The toxin found in daffodil bulbs is known as lycorine. This toxin can cause cardiac problems and arrhythmia. The calcium oxalate present in the daffodil plant can lead to kidney failure if your dog consumes it in a large quantity. The symptoms of daffodil poisoning are very similar to hyacinth poisoning. If your dog chews on the bulbs or the plant parts, it can, at the very least, irritate the skin, mouth, and oesophagus. Other than that, direct contact with the daffodil plants or bulbs can cause blisters, swelling, and pain.

Is the whole daffodil plant poisonous?

Yes, the whole plant of the daffodil, including the bulb. Also known as narcissus, the daffodil stems, flowers, and leaves can cause poisoning to dogs. The alkaloid lycorine triggers diarrhoea, vomiting, stomach pain, and heartbeat irregularities in dogs. As the bulbs possess the most concentration of lycorine, it poses the maximum danger to your pet dog.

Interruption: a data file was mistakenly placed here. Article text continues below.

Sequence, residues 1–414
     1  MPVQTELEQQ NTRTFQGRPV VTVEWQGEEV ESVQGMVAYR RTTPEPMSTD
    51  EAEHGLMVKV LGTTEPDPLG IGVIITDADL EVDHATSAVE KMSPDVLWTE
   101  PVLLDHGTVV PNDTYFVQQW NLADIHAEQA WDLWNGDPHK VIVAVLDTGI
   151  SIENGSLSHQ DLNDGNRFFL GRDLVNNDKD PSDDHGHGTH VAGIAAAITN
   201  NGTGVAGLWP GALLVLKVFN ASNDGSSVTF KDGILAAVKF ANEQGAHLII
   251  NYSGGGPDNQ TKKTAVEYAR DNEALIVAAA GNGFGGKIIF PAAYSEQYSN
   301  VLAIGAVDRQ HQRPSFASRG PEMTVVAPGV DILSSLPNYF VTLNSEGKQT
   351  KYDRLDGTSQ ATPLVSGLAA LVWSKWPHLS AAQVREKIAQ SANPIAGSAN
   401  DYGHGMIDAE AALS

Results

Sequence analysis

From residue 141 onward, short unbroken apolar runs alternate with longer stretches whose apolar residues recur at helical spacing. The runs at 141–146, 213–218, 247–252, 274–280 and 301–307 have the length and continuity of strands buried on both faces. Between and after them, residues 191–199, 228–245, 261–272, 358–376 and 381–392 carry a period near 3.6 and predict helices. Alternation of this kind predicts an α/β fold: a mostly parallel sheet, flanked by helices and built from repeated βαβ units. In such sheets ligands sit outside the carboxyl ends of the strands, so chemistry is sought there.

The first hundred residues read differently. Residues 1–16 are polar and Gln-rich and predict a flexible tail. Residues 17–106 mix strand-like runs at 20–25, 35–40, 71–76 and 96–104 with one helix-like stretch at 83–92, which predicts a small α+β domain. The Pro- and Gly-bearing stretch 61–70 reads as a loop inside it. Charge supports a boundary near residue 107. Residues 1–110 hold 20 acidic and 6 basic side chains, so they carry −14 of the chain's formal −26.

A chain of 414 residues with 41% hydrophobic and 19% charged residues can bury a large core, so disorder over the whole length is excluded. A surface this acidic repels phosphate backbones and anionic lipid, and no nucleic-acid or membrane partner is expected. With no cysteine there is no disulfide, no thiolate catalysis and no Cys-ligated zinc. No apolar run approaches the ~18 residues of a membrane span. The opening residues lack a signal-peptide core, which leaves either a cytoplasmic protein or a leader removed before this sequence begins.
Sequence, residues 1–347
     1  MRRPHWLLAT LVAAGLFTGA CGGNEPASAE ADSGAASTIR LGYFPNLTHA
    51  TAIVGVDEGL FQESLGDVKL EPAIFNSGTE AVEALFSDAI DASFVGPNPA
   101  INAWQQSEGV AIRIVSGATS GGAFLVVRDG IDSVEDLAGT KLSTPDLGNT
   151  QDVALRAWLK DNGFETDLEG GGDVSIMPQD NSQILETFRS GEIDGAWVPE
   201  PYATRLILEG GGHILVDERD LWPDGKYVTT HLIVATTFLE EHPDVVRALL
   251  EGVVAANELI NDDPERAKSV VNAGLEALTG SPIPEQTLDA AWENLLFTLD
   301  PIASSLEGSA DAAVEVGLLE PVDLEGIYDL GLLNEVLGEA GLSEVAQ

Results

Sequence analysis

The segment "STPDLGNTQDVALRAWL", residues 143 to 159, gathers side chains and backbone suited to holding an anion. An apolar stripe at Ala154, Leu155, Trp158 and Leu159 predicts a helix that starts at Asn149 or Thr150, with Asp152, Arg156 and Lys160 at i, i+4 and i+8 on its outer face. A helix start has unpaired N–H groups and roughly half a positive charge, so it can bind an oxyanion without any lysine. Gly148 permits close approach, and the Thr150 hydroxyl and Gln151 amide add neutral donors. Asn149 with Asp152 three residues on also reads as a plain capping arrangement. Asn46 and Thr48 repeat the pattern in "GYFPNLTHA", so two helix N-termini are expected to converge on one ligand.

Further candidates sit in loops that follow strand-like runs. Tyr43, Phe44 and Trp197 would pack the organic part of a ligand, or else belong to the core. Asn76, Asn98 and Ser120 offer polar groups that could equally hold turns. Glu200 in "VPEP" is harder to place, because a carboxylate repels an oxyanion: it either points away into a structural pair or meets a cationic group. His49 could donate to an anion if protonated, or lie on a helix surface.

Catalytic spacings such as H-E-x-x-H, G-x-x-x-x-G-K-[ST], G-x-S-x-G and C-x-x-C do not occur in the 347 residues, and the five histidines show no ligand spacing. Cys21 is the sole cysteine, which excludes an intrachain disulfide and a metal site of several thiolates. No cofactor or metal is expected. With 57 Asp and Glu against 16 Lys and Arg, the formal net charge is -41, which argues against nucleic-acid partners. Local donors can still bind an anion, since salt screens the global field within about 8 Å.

Daffodil bulb, brown with a shoot and roots on a whit background
Daffodil Bulb

Apart from that, the flowers and bulbs also contain calcium oxalate. These are tiny needle-shaped crystals that can create acute pain in the tongue, mouth, lips, and throat of your pet. If ingested, calcium oxalate can cause vomiting and stomach pain. Daffodil poisoning can cause swallowing issues, respiratory illness, and heartbeat irregularities. So if you think that your dog has consumed any part of the daffodil plant, you should get in touch with the veterinarian immediately.

It is not only the bulbs and the plant that is toxic to your pet dog. If you have kept cut daffodils in a flower vase at your house, the water left inside the flower is sufficient to poison your pet. So, if you decide to keep a vase of daffodils at home, make sure to keep them out of reach of your dog.